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Harvey Weinstein Sinks Count Related to Forced Oral Sex

The judge presiding over the prosecution of disgraced Hollywood producer Harvey Weinstein dropped a charge Thursday related to allegations that he forced oral sex from an actress.

MANHATTAN (CN) - The judge presiding over the prosecution of disgraced Hollywood producer Harvey Weinstein dropped a charge Thursday related to allegations that he forced oral sex from an actress.

Though rape and sexual assault allegations against Weinstein remain pending, the dropped count related to an encounter that actress Lucia Evans described last year in an explosive article for The New Yorker.

Over the summer, Weinstein’s attorney Benjamin Brafman noted in a motion to dismiss that Evans “now claims she does not remember the date on which she was sexually assaulted,” despite having provided a detailed account of the supposed 2004 incident to journalist Ronan Farrow.

“As a result, no specific date is provided and the indictment instead charges a ‘season’ – alleging that Mr. Weinstein engaged in this conduct at some point ‘during the period from on or about June 1, 2004 to on or about September 1, 2004,’” the motion said. “As argued in the attached Memorandum of Law, this count is defective and should be dismissed …because a three-month time frame is unreasonable and prevents Mr. Weinstein from adequately preparing his defense to the charge.”

Brafman called Evans' sworn testimony perjurious in court this morning.

"The integrity of these proceedings has been compromised," Brafman said, adding that he plans to subpoena a fact checker at The New Yorker.

Intimating that he was also seeking the removal of NYPD detective Nicholas DiGaudio, Brafman claimed that the officer hindered a witness from testifying about her misstatements. Brafman advised the court that the defense anticipates subpoenas for any other witnesses who may have talked to DiGaudio.

Weinstein walked with a slight limp as he arrived in Burke's courtroom on the 13th floor of New York Supreme Court; Brafman fixed the producer's collar as they settled in for the 20-minute hearing.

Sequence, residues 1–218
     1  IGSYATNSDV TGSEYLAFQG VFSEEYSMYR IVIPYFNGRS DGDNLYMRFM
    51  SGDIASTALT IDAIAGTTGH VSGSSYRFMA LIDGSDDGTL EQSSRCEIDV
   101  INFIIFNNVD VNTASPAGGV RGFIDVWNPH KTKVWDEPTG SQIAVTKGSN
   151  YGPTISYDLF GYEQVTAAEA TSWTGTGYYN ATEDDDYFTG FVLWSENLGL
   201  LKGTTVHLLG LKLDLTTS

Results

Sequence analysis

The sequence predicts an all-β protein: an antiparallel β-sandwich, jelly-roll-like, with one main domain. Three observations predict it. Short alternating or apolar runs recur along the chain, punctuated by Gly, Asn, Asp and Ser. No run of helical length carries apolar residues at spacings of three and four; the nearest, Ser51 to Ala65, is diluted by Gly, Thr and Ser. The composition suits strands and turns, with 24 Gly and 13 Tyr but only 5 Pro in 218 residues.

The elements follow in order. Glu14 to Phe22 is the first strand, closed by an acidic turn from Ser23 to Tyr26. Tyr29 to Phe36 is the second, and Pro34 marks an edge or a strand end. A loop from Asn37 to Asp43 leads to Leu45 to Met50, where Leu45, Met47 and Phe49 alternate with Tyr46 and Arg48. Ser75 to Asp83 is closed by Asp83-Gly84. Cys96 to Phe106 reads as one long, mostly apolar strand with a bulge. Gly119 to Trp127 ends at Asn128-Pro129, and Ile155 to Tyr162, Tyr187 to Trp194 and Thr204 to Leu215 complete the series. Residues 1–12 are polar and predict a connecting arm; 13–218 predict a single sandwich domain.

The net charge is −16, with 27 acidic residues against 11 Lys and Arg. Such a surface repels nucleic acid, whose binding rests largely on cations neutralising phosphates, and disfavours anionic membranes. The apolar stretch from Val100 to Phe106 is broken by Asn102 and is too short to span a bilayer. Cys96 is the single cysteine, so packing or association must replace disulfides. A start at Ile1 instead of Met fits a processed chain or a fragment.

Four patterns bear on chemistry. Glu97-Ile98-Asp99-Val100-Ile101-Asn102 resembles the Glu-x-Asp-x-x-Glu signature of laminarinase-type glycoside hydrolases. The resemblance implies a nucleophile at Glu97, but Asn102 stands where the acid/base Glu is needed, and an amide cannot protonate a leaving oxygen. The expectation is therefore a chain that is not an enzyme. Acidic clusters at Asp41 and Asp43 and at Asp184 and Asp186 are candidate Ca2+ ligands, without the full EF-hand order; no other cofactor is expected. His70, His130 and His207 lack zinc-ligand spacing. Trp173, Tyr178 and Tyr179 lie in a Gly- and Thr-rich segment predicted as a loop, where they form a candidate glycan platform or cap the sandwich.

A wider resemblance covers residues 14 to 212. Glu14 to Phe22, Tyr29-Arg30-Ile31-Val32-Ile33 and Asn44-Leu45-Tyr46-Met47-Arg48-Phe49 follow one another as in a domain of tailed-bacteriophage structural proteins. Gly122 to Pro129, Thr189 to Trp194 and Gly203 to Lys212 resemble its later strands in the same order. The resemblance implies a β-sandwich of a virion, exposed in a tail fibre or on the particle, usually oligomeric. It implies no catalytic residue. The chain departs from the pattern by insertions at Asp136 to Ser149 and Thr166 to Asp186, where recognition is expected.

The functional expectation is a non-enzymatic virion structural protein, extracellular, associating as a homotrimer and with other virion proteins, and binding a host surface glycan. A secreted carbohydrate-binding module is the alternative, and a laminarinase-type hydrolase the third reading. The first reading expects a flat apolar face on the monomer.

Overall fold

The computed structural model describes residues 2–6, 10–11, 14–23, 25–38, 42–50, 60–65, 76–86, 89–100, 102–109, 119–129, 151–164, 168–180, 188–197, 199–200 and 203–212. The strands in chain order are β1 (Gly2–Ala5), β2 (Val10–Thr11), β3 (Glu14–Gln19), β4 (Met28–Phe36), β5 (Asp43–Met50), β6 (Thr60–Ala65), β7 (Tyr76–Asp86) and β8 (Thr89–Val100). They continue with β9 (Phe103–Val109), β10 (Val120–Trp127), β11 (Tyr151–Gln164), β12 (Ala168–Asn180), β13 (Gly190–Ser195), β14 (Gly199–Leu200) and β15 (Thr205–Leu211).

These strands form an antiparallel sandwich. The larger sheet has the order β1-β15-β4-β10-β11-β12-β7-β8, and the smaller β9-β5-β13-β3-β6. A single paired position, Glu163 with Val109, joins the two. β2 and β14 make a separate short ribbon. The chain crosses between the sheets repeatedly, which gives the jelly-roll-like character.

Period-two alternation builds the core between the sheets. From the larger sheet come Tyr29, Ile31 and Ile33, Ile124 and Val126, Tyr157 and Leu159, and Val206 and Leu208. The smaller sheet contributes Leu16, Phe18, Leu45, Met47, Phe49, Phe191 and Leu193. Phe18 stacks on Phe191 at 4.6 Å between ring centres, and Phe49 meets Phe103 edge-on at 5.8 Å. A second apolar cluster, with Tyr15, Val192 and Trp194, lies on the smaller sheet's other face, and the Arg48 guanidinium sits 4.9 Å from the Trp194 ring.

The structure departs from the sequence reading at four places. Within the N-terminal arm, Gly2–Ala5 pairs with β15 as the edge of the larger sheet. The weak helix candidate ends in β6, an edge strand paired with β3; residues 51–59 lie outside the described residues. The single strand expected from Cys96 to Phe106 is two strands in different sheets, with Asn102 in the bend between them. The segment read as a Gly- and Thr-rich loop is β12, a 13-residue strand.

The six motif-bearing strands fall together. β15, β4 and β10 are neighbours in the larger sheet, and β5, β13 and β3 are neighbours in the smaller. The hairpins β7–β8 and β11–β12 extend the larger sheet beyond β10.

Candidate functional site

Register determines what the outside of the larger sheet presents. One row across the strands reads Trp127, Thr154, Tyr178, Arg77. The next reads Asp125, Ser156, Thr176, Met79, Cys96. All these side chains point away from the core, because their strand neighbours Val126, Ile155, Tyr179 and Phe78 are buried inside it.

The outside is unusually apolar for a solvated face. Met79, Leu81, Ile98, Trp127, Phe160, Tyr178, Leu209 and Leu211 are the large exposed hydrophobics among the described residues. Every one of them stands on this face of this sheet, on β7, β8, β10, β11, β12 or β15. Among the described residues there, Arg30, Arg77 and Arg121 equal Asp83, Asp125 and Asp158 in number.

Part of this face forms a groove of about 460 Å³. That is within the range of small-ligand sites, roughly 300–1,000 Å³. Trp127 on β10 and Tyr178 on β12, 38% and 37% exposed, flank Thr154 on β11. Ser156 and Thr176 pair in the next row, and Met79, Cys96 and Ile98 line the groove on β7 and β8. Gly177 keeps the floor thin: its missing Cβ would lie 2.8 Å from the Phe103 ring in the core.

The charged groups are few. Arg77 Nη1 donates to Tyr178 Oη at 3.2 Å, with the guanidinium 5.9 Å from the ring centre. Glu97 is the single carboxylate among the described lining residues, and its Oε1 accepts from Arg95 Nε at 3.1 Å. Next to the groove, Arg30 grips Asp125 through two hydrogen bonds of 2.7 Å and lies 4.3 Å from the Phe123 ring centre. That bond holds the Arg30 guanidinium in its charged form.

Assistant U.S. Attorney Joan Illuzi Osborn affirmed the District Attorney's investigation is still "moving full-steam ahead."

Osborn said the prosecution continues to meet with witnesses and gather evidence, "not only to prepare for trial, but also to determine whether there are additional complainants or incidents for which the defendant can be charged."

Evans' attorney Carrie Goldberg was in attendance at Thursday's hearing and released a statement immediately afterward, chiding Manhattan District Attorney Cy Vance for not supporting the charge.

"Instead of rising to the challenges of their mistakes, the DA jumped ship at the first opportunity,” Goldberg said. “Vance has done this before, when powerful men have been accused of sex crimes, including Weinstein himself; throwing cooperative crime victims under the bus. It raises serious questions of bias.”

Goldberg said today’s developments underscore the need for reform.

“Let me be clear – the decision to throw away my client’s sexual assault charges says nothing about Weinstein’s guilt or innocence, nor does it reflect on Lucia’s consistent allegation that she was sexually assaulted with force by Harvey Weinstein,” she said. “It only speaks volumes about the Manhattan DA’s office and its mishandling of my client’s case.

"They used her, " Goldberg said, "They had all the evidence they have now and they still put her through the torture of walking through the scene of the crime, handing over her therapy and medical records, undergoing their cross-examination for hours upon hours. Month after month. Lucia’s case deserves to be heard."

The remaining five counts, which include predatory sexual assault charges, carry a maximum sentence of life imprisonment.

Weinstein has pleaded not guilty and is free on $1 million bail. His next court appearance in this case is set for Dec. 20.

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Categories / Criminal, Entertainment, Trials

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